Writing an Internet post about how posting things on the Internet can strip away your joy is like writing a book about why people shouldn’t write books or singing a song about why we need to stop singing songs.
I’m aware of the irony. Bear with me, please.
I’ve shared that notifications can’t satisfy us. Unfortunately, that truth hasn’t sunk in yet.
Nevertheless, I continue to internally yell “Validate me!” with each post to the Internet.
I’d be lying if I didn’t have the same urge with this post. If I didn’t want you to tell me that you agree or that it was really inspiring.
Most of the time when I share something online, I want to help people or be encouraging. But underneath that well-intentioned shell, I long to hear other things.
Tell me my ideas are good.
Tell me my picture is beautiful.
Tell me my baby is adorable.
Tell me my life is awesome.
I hate that I don’t always share things to share joy or to be helpful, but instead to seek approval and find my sense of self-worth in likes and retweets and online praise.
I forget so easily that thumbs up and shares can’t satisfy me. No statistic can make me happier. No amount of kind comments will give me joy that only Jesus can bring.
Recently, I’ve been using Facebook and Twitter less often 1 . I still have an urge to open an app, check the notifications, and see who is mentioning or praising me.
I once heard that checking Facebook is the modern-day equivalent of opening the refrigerator when you’re bored. Sometimes I check social media and forget why I went there in the first place. It’s like taking a bite of cold pizza from the fridge when you weren’t hungry to begin with.
I don’t want to live for temporal status updates. I’m tired of unsatisfying nibbles at day-old deep dish.
- I don’t want to let a constant stream of non-vital information consume my life. The majority of posts will be completely irrelevant in a day or so and 99% will be irrelevant in a year, yet I return to it day in and day out because the habit is so ingrained.
- I don’t want want to let the amount of attention a post gets decide how proud or satisfied I am in that moment.
At the same time, I want to celebrate with people, congratulate those I care about, and share in the joy of others.
This is a tricky, fine line to walk. I’m grateful for people’s kind words. I’m thankful that people love me and my family and encourage our socks off regularly. But I don’t want those likes and comments to dictate my life or be the source of my joy, hope, or approval. I want to reserve that place for Jesus alone.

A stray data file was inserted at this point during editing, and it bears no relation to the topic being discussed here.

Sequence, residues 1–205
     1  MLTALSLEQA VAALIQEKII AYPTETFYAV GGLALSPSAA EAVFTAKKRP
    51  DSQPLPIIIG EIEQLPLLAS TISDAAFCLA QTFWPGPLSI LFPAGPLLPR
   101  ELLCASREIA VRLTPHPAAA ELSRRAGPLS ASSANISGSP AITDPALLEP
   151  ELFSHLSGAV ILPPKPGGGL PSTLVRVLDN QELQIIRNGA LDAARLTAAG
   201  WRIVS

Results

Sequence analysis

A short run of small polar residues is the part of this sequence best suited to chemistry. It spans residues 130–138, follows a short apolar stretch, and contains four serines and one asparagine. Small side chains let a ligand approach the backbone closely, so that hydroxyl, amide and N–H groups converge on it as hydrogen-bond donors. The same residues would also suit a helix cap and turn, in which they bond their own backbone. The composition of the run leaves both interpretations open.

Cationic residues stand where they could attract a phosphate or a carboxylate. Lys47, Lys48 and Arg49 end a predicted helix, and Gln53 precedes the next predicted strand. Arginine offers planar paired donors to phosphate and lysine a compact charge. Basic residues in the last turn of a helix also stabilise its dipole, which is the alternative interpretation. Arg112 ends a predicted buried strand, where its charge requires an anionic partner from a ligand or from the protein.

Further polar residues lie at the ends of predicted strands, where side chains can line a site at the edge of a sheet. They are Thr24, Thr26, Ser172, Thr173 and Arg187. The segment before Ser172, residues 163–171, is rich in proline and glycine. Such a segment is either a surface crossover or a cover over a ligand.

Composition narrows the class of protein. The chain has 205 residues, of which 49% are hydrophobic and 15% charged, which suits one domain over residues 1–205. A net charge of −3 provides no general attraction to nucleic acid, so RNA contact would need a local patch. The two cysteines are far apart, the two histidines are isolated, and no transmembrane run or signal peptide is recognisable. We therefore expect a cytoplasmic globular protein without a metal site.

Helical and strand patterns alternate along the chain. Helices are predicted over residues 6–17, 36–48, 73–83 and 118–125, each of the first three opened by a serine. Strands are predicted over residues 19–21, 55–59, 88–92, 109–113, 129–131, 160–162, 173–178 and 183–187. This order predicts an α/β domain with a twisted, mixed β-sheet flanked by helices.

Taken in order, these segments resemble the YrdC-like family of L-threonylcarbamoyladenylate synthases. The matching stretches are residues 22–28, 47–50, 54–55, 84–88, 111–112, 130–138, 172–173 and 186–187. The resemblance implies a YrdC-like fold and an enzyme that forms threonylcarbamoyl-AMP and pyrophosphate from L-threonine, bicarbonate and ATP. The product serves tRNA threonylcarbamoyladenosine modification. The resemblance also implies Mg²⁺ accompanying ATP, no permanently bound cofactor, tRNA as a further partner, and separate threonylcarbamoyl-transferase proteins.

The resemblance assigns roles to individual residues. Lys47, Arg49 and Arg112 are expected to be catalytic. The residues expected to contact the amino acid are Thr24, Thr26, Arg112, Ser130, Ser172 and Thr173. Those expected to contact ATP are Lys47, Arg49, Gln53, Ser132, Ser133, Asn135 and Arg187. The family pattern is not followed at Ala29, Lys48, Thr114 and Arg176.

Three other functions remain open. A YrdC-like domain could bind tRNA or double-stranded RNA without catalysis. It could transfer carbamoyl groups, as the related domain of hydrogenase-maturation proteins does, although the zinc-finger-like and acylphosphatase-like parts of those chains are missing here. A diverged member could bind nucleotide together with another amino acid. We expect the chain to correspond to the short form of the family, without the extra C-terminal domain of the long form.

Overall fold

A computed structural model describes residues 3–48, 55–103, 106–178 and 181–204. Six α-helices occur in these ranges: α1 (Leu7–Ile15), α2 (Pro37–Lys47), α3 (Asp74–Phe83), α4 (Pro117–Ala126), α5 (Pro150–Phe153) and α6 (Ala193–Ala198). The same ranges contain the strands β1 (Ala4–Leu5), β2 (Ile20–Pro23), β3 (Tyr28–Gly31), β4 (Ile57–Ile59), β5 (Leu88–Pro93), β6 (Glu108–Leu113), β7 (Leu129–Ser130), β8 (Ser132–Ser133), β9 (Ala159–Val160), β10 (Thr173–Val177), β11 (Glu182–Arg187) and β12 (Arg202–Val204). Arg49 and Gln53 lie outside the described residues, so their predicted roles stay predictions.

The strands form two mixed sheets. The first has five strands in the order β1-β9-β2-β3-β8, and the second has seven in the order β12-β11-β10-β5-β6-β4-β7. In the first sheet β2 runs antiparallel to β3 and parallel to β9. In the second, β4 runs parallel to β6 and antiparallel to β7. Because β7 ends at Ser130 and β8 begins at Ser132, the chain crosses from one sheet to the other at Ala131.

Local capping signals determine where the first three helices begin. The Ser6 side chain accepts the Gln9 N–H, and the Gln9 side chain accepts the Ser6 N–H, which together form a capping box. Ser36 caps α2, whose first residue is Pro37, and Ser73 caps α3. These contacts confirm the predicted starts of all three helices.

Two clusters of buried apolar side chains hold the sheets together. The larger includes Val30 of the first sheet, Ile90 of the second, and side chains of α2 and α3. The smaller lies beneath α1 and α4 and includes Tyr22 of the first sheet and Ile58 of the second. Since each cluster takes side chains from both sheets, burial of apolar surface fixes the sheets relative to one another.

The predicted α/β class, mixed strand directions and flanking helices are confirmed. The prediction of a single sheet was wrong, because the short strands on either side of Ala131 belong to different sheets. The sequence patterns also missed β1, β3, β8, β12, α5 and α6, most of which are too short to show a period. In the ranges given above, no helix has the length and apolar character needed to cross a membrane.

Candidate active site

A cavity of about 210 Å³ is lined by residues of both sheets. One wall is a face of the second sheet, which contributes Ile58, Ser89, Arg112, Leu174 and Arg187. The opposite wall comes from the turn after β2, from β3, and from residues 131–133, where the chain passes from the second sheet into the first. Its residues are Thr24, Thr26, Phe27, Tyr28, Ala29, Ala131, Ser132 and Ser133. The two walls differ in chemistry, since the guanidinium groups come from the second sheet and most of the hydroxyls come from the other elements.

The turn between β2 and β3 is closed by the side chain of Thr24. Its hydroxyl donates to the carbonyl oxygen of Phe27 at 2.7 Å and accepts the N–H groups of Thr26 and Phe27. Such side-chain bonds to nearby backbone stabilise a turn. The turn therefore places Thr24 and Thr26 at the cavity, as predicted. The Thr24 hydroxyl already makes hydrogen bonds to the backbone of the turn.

I don’t know your motives. I don’t know why you post the articles you do or share pictures of your vacation or your lunch or your baby or your baby eating lunch on vacation.
It’s totally possible that you have good intentions. Maybe you’ve never even considered why you post what you do.
For me, I know that I don’t always have the best intentions.
I know that I don’t always share things because I want other people to share in my joy but because instead because I want other people to bring me joy or to be jealous of my life.
One more like. One more comment. One more favorite or retweet. That’ll do it. That’ll scratch my itch.
It never does. It can’t.
I don’t know what the solution to this is. For now, I’m spending less time on social networks. I don’t do much to promote blog posts and I’ve turned off comments from this blog because I let them turn into tiny altars of praise to me.
I want to share ideas. I want to be helpful. I want others to share in my joy and see my gratitude. I just don’t want to share things as a means to a selfish end.
I want to combat the lie,
“If I share this and get enough attention for it, I will be happier.”
I don’t want to use my baby as a prop for praise. I don’t want to publicly share my gratitude for my wife so that people will be amazed at my gratitude. I want use social media to be a good tool instead of an unruly master.
I want my validation to flow from who Jesus is and his love for me, not from what other people think of me, whether it is incredibly kind and encouraging or rude and hurtful. Life isn’t more difficult in the digital age than in the thousands of years prior, but it sure has gotten more complicated.
Human nature hasn’t changed. We’re always trying to turn things–good or amoral–into something to worship or as tools to be worshipped with. That’s a heart problem, not a technical issue.
So what am I doing inlight of all of this? To start, when I have the urge to check social media, I (try to) do something else, like:
- writing down an idea or thought for a blog post2
- praying for something or someone
- texting a friend some encouragement.
I haven’t perfected doing these three things by any stretch, but, wow, the ideas have been flowing much easier when I give myself space to think instead of pacifying a split-second of boredom with tweets and posts.
This is a tough battle to fight because I am the enemy. My nature is the problem, not the platforms or tools or other people at the water cooler. I’m not ready to call it quits, but something has to change.